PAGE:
I used my Cricut to create a paper bunny in the size I wanted.  The I just traced around it on a piece of Smoothfoam.

The Hotwire cutter cuts Smoothfoam quickly and easily and there is no flaking.  The wire heats up quickly and I was able to cut the bunny out very quickly.  I like to cut away the larger unnecessary portions of the Smoothfoam while creating my project.

 And this is my Easter Bunny.  I love how she turned out!
Since I had some left over Smoothfoam, I also cut out some Easter Eggs as well as part of an Easter Egg so I could nestle them together.

I covered the bunny with molding paste to give the illusion of fur, the added a tail which was a Smoothfoam ball that I cut in half using the Hotwire cutter.

While waiting for the molding paste to dry, I worked on the Easter Eggs.  The Easter Eggs were stamped, stenciled and inked before adhering to the bunny.  Assorted colors of dew drops were added for fun.  I purposely didn't add molding paste to the lower portion of the bunny because I wanted the Easter Eggs to sit flush on the bunny.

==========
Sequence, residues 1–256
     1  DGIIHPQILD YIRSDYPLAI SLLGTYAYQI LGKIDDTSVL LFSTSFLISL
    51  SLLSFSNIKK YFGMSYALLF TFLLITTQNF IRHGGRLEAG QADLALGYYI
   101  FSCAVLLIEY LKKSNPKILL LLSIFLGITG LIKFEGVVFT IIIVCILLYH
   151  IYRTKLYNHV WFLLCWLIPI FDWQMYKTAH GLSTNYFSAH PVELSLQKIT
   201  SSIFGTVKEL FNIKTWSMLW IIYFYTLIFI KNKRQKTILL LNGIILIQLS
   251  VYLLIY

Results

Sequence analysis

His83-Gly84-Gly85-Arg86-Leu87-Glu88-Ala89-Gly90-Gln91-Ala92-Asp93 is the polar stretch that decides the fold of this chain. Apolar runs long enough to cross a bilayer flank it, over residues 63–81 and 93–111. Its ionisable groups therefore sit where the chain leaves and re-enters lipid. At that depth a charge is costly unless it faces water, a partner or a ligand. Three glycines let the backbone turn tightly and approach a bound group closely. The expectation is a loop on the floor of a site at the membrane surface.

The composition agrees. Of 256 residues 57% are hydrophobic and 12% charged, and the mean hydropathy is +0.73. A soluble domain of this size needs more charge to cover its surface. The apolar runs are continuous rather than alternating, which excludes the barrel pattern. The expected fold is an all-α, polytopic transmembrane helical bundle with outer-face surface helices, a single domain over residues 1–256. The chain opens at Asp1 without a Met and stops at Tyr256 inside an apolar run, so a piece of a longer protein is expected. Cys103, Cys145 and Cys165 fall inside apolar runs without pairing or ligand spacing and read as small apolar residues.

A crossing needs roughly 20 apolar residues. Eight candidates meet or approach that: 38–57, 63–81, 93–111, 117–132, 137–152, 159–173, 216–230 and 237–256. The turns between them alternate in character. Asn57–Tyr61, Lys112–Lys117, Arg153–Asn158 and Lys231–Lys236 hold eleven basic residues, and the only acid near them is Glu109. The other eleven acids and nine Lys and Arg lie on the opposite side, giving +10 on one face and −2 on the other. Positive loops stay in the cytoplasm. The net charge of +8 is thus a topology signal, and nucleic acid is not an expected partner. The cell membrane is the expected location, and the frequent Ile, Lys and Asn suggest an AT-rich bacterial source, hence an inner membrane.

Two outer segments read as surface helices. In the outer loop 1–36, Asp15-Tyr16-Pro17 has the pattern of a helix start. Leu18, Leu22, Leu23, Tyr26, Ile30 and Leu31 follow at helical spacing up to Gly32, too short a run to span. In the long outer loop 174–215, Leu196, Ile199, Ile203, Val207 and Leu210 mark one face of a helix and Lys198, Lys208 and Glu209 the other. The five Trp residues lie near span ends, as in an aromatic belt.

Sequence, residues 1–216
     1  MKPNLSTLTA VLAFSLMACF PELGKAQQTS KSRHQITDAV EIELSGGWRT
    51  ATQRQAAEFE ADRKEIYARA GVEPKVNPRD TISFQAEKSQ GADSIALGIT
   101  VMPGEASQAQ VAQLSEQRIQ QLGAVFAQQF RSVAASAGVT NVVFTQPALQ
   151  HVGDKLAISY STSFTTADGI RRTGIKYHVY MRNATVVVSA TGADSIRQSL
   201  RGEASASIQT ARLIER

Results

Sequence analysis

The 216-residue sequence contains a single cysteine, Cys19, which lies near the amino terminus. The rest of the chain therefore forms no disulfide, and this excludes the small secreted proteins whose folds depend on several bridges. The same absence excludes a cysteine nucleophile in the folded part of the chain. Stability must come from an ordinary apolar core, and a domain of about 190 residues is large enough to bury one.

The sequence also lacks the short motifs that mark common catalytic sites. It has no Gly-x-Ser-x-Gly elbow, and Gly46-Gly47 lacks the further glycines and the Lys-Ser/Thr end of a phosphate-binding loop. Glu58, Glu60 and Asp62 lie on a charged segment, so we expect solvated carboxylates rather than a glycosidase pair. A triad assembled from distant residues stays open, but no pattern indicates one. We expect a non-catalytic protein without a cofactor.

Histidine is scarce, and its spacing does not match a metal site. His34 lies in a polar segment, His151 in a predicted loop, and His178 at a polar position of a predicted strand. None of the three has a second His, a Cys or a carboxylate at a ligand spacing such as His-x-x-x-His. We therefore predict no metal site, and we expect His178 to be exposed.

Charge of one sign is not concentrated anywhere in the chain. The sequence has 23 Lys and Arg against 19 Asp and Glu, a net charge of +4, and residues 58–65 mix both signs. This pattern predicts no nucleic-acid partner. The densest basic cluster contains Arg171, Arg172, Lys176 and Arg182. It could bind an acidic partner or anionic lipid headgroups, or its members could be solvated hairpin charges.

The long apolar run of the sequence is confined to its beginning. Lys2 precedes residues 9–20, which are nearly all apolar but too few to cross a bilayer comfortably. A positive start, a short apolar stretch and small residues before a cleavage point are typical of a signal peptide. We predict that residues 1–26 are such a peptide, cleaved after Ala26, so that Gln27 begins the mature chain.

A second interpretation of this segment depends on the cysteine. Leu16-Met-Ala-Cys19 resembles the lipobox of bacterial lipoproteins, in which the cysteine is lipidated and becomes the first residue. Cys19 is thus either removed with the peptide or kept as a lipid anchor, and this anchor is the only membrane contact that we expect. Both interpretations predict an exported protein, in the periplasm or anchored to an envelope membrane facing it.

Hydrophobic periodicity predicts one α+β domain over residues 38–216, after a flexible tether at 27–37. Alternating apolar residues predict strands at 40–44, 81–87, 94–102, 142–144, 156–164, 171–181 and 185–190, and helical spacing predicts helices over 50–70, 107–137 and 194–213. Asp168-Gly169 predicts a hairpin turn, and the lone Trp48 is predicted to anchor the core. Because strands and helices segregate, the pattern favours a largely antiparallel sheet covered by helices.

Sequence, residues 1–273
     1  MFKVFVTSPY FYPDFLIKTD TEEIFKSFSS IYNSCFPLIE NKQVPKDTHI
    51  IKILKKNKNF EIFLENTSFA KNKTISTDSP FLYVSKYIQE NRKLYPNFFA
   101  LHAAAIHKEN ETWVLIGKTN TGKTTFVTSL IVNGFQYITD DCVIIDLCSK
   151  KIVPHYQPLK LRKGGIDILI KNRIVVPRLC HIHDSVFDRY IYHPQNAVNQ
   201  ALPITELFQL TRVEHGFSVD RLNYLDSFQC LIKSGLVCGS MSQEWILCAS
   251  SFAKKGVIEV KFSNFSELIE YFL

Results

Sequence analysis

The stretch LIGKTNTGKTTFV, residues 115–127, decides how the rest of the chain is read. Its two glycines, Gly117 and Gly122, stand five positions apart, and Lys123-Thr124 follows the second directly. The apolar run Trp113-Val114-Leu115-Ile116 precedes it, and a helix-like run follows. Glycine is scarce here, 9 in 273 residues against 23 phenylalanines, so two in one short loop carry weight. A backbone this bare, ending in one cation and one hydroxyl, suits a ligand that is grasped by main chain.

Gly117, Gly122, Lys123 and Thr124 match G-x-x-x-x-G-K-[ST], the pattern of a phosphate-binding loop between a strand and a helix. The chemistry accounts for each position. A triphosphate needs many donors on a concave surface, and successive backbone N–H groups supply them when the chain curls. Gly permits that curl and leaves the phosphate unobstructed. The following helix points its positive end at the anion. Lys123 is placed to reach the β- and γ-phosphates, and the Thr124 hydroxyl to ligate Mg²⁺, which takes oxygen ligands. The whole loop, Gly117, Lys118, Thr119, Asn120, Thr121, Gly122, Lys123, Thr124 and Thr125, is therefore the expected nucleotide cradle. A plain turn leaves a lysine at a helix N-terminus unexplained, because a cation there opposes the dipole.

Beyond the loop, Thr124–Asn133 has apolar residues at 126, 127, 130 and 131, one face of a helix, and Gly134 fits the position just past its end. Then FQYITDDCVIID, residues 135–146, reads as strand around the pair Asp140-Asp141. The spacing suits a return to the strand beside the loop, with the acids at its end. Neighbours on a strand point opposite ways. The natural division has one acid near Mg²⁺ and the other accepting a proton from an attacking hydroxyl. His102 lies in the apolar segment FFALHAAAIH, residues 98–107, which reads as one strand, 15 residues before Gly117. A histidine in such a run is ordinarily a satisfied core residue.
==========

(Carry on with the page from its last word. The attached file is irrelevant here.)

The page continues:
Once the molding paste dried, I applied pink ink to her ears and nose and added a large wiggly eye.  To finish, I tied a ribbon around her neck.

She is the perfect Easter decoration and the Hotwire cutter made it so easy to create this Easter project.
What do you think?
Thanks for stopping by today.

Wednesday, March 16, 2016

How To Make Ribbon Planner Clips With The Proxxon Hot Wire Cutter

It is so easy to create awesome ribbon projects with the Proxxon Hot Wire Cutter! I was able to create these planner clips in just a few minutes because of how fast the Proxxon Hot Wire Cutter cuts and seals the ribbon. The hot wire cutter is the perfect tool for Etsy Store owners who make ribbon products like planner clips or hair bows.

Supplies I used:
Offrey Ribbon
Paper clips 
Acrylic gems 
Adtech Hot Glue Gun
Adtech Glitter Hot Glue Mini Sticks